However... (and this is a BIG however)... What you *can* continue to grow (as both a design manager and a designer) is the following: 1) Your design eye 2) Your design voice
A strong design eye means that others trust you to know what is good. It means your taste is well-honed through extensive study of an area. It means your sense for usability, simplicity and aesthetics is well-developed even at subtle or fine granularities.
Very early in my design career, my manager asked me to review some design portfolios. I sat there, petrified, clicking through dozens of links. I could tell which ones were really bad, but many of the portfolios seemed good! I could not really distinguish between them on quality!
This was because at that time, my design eye was not well developed. I could probably score a design on a 'bad-okay-good' scale, but I could not grasp the differences between what made for 72 versus a 89 on a 100-point scale. I could not tell the exceptional from the merely good.
Developing a well-honed eye is critical for both designers and managers. As a designer, your work is limited by how good your eye is. Your eye can be way better than your work—for many junior designers it is—but the opposite is impossible.
As a manager, you won't be able to hire or support great design talent if your eye can't distinguish a designer who does excellent work from one who does mediocre work.
There are three ways to develop your design eye: 1) Study the craft. Look at hundreds of examples. 2) Read or discuss critical commentary. Talk to the most obsessed people you know on the topic, and they'll help you understand what to look for. 3) Practice by designing.
Even if you don't do 3), your eye can develop through 1 and 2. There exist great movie critics or football coaches who aren't necessarily the best at making movies or playing football.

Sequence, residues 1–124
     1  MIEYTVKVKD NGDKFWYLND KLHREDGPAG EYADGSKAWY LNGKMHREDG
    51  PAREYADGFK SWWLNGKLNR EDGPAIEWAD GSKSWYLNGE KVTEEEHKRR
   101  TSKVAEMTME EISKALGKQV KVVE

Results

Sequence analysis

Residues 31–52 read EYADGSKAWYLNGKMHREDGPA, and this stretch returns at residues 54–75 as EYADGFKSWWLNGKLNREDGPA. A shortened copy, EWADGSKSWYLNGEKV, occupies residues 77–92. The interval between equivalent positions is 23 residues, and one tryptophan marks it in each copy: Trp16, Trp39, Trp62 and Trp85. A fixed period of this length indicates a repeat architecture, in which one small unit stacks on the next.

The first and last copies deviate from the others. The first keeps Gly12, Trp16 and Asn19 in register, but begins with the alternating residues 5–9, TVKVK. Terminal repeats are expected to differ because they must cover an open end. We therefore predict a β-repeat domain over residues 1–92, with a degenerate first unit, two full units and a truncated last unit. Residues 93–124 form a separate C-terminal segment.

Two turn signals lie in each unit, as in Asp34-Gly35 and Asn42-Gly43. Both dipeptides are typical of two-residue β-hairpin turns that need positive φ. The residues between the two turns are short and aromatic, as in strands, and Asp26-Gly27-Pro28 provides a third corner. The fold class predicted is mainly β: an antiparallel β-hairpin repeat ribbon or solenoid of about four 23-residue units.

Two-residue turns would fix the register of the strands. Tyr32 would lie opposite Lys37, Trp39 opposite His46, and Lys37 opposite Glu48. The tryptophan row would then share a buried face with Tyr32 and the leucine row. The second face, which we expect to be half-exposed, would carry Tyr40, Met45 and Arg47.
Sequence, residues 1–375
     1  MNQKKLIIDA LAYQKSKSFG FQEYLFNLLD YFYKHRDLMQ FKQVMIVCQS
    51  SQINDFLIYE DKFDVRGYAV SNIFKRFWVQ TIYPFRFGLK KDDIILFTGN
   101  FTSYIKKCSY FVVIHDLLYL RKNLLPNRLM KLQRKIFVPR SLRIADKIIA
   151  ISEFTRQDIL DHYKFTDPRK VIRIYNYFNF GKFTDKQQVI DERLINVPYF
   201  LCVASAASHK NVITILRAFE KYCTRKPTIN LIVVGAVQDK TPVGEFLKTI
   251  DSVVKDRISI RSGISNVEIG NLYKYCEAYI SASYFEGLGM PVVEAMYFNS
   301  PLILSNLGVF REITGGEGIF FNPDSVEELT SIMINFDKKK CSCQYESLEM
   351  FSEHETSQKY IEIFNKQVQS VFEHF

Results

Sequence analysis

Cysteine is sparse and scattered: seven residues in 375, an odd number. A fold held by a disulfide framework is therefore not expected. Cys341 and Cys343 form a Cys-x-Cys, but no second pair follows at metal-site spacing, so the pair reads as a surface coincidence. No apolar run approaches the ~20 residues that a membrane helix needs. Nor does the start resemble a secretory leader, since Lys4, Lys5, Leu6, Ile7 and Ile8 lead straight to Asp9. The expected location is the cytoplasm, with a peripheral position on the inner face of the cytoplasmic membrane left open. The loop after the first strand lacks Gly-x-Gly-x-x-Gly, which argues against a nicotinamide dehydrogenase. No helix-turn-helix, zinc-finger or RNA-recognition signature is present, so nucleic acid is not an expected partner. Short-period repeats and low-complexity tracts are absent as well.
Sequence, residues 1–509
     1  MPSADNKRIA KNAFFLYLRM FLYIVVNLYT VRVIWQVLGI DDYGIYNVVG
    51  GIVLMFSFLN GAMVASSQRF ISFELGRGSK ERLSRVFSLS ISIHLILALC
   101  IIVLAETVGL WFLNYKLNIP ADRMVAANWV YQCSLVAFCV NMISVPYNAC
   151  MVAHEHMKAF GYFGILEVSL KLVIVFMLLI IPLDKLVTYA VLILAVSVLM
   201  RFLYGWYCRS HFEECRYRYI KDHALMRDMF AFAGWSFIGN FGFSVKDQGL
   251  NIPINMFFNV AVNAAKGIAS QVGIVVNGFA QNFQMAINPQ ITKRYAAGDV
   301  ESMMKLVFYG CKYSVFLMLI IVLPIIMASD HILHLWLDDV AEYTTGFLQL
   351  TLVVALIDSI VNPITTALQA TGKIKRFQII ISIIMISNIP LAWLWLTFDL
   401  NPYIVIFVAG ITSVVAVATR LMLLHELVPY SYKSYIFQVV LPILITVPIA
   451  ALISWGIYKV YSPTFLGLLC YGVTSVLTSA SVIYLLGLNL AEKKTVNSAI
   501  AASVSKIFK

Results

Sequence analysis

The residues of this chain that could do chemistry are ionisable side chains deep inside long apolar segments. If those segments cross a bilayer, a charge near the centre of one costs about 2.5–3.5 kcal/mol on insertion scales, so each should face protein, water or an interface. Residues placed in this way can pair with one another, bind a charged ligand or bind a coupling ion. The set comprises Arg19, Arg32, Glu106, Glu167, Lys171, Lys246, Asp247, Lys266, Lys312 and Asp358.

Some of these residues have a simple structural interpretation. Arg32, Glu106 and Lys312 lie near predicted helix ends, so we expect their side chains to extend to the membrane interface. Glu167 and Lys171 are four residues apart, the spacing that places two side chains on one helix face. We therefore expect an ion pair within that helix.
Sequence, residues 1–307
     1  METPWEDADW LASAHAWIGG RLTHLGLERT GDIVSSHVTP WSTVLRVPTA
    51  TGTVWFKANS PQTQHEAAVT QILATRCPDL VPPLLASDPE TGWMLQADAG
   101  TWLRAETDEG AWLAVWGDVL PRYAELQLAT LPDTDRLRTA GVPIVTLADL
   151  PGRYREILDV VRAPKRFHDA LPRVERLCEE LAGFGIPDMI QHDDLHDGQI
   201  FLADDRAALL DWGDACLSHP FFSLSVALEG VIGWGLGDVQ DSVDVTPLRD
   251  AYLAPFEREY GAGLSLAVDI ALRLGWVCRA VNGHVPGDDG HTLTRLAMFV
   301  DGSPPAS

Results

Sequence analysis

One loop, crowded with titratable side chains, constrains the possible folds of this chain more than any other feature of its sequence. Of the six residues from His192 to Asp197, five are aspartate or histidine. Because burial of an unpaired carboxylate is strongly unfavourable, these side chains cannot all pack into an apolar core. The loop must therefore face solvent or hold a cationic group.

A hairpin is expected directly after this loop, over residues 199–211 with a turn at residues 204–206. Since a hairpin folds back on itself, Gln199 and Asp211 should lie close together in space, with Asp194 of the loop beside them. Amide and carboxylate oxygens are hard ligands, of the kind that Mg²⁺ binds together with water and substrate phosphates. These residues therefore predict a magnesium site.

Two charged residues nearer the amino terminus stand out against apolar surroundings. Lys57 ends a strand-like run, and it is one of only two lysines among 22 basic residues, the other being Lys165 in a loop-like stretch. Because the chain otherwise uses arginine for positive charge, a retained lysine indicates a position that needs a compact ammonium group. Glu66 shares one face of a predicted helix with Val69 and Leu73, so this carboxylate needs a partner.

The next step after honing your design eye is honing your design voice. By this, I mean learning to talk about design work such that you can make it actionably better.
If someone shows you work, and immediately your eye tells you it's not where it needs to be, that's great, but now how will you explain it to that person? Simply saying "This isn't good enough" is not helpful.
A strong design voice will be able to break down the why's and how's. It's the spacing that feels sloppy. It's the type hierarchy that doesn't flow. It's the animation that needs to be tweaked to make the experience snappier.
A master design voice will be able to explain the why's and how's not to just designers, but also to non-designers. They can effectively "translate" what designers care about to what executives, pms, marketers or engineers care about.
I know many brilliant designers who are not always effective at explaining why they feel something works or doesn't work. You can get by without being great at this skill (though you may be less influential in convincing or teaching others).
However, as a design manager, it becomes increasingly critical to know how to talk about design, including with non-designers. Otherwise, you can't be an effective champion for your team.